General election 2024: what do banks want to see the next government do?

UK Finance, which represents the UK banking sector, has published its general election wish list. It includes ideas for how to improve personal finance and crack down on fraud.

People walk over the Thames with the City of London in the background before the UK general election (Photographer: Jason Alden/Bloomberg via Getty Images)
(Image credit: Getty Images)

Banking trade body UK Finance has announced the key pledges it wants to see included in general election manifestos.

Arguing that the sector is a “global success story”, its chief executive David Postings said the organisation’s main asks would “help build a better society for all” after the election. It represents the views of 300 firms, including high street banks and financial services providers.

It comes as the major parties have started to draw their key battle lines ahead of the 4 July national poll. The Labour Party has been attempting to build support among the business community, while the Conservative Party has been attempting to win over older voters with its triple lock plus pledge and plans to reintroduce national service.

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So, what do the banks want from the 2024 general election? We’ve rounded up their manifesto wish list.

General election winner should improve financial education, banks say

Among its main asks of the next government, UK Finance has outlined the policies it believes are needed to help support people and businesses. It says pledges that will help people manage and grow their money, get onto the housing ladder and get out of financial difficulty are needed.

The trade body said financial education should be a big priority for whoever occupies 10 Downing Street from 5 July. It added that such a move would improve household financial resilience, by giving people the “basic tools and knowledge” to “effectively” manage their money. It follows a report by the Education Select Committee which called for improvements to be made in the provision of financial education in schools.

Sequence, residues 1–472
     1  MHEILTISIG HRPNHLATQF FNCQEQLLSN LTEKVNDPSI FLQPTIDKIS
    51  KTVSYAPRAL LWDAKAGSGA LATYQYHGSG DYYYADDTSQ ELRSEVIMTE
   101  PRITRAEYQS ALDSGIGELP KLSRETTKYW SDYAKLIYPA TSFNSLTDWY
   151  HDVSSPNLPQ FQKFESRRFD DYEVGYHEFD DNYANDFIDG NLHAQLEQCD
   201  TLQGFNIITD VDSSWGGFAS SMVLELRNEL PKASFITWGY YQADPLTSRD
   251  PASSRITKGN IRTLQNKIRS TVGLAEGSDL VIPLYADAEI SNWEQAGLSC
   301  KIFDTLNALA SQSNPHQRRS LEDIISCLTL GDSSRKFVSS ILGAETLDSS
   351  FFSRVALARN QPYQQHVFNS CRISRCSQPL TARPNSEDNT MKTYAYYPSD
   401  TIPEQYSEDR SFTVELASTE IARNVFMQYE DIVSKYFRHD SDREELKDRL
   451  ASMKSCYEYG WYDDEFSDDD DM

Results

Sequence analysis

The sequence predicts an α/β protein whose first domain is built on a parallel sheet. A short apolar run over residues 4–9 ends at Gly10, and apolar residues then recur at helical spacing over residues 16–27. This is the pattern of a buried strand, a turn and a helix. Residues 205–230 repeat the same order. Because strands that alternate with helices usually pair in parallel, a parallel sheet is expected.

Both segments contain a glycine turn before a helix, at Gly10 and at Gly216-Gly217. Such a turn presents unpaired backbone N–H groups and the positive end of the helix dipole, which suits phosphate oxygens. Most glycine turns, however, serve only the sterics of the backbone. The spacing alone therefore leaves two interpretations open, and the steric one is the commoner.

UK Finance also said it wants to see measures that would boost the returns its members’ customers can gain. It has called for personal savings allowances to be reviewed so that savers can “build up a cushion” against any future cost of living crises. Of course, any growth in deposits would also benefit bank balance sheets.

Other ideas on its wish list include greater encouragement for people to become investors. The trade body wants to see UK households catch up on countries, like the USA and France, when it comes to the proportion of their financial assets that are tied up in equity. It said improvements to the tax regime would help in this regard, whilst also helping to grow the economy.

UK Finance: ‘urgent planning reform needed after the election’

In terms of the measures UK Finance thinks could boost the property market, it said the next government should announce a package of measures “early in the next Parliament” to expand housing supply. Chief among them would be reforms to the planning system, which would “unlock more housebuilding”, it said. The construction of new homes plummeted at the end of 2023, recent figures have shown.